Socioeconomic factors, which include income, education, and occupation, are often divided along racial lines and also have a direct, correlative effect on health. The socioeconomic status of a patient's neighborhood is even correlated to health outcomes (like age at death). Problems entrenched in socioeconomically disadvantaged communities, like a lack of medical understanding and fewer resources for care, contribute to poor health -- as does, it has been well-documented, the stress and psychological toll of poverty.
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Despite the Affordable Care Act, studies have shown that many disadvantaged patients with chronic diseases remain underinsured.
In Boston, where Winkfield works, a universal health care system has been in place since 2006. Although more than 90 percent of residents have some form of health insurance, state-of-the-art care and experimental drug trials aren't available to everyone. For many women in poor neighborhoods, the imaging centers and doctors offices that offer checkups and mammograms -- two primary modes of early detection associated with better survival chances -- are simply inconvenient and out of reach. And some of the city's top hospitals don't accept low-income insurance policies easily or at all, Winkfield explained.
Even if they did, access is about more than feasibility. Research shows that doctors often have unconscious biases toward patients of other ethnicities. Immigrant patients, who are often people of color, also struggle with language and cultural barriers that can make a hospital feel unwelcome. (Hispanic and Asian immigrants struggle with these barriers as well, though these populations were not explored in depth in the study).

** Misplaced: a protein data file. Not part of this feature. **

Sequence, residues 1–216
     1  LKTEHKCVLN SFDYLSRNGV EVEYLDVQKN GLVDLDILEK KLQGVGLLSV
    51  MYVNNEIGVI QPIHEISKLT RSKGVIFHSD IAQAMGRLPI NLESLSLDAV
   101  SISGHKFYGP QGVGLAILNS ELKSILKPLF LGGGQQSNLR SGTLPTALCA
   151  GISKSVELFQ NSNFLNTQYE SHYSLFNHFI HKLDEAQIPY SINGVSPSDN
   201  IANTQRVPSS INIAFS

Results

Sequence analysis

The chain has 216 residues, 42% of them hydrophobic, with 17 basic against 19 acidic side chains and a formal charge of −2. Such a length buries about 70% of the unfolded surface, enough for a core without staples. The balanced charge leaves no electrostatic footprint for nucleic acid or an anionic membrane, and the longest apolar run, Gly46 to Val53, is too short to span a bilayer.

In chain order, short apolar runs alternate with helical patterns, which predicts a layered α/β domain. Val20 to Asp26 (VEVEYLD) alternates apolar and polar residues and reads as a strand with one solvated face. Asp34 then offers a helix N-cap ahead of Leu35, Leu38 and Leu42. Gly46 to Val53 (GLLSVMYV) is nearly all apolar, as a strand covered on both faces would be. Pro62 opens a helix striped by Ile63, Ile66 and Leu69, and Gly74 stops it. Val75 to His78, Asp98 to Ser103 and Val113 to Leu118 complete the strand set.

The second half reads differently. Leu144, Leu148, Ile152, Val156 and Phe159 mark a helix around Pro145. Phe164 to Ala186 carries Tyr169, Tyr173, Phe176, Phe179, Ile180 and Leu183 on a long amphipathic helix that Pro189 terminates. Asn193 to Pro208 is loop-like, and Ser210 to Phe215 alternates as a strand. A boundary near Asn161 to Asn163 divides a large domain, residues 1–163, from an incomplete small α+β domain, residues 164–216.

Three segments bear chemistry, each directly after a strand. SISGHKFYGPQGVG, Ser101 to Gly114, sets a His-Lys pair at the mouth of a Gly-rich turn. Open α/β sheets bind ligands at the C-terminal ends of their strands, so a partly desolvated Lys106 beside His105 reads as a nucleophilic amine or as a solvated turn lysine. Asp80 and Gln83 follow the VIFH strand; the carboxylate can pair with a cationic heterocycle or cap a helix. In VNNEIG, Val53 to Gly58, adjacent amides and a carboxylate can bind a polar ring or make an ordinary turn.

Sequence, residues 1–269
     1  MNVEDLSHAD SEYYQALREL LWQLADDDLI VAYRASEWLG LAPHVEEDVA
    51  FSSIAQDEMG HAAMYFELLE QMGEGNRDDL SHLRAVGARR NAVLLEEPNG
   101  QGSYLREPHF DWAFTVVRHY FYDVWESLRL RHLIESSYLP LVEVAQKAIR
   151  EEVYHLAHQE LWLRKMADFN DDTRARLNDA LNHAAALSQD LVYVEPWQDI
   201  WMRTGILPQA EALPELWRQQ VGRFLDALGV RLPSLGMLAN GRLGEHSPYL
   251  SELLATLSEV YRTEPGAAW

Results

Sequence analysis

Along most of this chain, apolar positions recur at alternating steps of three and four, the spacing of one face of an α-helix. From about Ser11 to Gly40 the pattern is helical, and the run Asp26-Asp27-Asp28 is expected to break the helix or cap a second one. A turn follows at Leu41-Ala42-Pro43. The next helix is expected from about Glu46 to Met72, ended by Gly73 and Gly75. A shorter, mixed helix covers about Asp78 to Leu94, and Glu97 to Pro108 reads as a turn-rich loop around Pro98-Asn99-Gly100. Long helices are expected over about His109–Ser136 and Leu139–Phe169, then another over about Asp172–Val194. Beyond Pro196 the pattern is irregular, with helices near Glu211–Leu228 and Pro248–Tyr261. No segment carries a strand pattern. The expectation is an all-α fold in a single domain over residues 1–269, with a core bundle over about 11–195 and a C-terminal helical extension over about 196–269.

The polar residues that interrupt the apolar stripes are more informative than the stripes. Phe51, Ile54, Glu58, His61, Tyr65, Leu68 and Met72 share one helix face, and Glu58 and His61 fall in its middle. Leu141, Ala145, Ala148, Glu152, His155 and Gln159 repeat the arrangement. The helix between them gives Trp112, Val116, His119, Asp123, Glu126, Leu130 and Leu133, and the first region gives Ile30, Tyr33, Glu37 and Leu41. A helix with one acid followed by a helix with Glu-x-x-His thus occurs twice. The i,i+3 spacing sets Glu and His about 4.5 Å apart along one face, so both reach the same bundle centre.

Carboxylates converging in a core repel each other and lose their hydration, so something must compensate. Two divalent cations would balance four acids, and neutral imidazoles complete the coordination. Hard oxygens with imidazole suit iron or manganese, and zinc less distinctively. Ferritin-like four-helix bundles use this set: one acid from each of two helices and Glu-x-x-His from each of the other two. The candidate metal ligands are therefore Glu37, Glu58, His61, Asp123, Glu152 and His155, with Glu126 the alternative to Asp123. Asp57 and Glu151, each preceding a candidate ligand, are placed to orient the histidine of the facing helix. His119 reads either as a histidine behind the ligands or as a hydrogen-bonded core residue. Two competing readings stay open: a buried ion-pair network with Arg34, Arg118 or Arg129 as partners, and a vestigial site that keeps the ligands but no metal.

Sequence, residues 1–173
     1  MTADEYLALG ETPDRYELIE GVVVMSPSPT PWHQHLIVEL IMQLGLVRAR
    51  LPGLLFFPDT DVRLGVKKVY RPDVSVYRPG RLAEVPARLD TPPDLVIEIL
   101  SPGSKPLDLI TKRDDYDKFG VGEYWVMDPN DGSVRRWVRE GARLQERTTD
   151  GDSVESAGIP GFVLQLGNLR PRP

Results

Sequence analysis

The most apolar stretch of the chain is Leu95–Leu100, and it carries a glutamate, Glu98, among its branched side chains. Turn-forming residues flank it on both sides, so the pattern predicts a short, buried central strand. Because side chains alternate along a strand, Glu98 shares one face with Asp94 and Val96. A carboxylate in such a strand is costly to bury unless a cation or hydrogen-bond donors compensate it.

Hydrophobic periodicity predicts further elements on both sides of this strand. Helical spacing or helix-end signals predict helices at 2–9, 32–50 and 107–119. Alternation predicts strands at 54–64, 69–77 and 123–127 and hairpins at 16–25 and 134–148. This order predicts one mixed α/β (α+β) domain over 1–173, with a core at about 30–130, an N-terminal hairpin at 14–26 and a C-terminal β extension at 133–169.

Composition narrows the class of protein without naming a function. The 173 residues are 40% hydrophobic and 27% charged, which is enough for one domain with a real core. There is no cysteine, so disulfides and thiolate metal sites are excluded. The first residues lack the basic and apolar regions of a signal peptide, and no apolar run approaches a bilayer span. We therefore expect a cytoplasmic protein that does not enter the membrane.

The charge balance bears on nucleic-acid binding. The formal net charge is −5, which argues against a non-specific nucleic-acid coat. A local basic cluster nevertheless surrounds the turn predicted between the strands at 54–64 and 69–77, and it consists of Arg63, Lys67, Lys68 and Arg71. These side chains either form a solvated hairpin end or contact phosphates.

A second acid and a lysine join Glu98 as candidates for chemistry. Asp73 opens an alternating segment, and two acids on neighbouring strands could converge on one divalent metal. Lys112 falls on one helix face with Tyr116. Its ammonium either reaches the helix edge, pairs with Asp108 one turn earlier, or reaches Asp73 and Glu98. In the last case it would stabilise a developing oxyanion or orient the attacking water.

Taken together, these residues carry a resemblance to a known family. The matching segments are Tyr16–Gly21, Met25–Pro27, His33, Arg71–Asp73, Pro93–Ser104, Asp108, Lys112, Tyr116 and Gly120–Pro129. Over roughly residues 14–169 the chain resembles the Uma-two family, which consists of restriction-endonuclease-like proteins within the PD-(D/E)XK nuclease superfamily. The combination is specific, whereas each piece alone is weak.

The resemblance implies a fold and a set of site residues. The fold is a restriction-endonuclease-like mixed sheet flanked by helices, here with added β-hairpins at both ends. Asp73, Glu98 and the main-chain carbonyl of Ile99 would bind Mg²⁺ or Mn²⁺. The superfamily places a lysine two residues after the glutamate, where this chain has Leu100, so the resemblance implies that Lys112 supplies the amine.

"It's about people feeling welcome at institutions," said Winkfield, who is the only black radiation oncologist in Massachusetts and one of only three in New England. "Institutions need to do a better job of changing the landscape [and] considering workforce diversity. Even if the rate of black doctors is currently static, what about staff? Information desk attendants and volunteers -- you can change the face of what your institution looks like."
Moreover, many of the most exciting medical advancements that have put a significant dent in breast cancer mortality began as clinical trials, which skew white. Black people represent just 5 percent of clinical trial participants, and researchers find that minority (and female) patients are harder to recruit.
Clinical trials come with some financial burden that make them impossible for the socioeconomically disadvantaged: Aside from missed shifts, a weekly visit to the hospital could mean losing a job for many wage workers. Single parents often cannot afford the extra time away from home without childcare options. And bare-bones insurance programs don't often cover the full cost of associated treatment. While a handful of financial assistance programs, such as MD Anderson Cancer Center's Uncompensated Care program and the Lazerex-MGH Cancer Care Equity Program do exist, it's too early to tell how effective they are.
"This is a clarion call," Winkfield said of this latest study's startling view of health disparity. "The good news is we can develop the resources to [fix] it."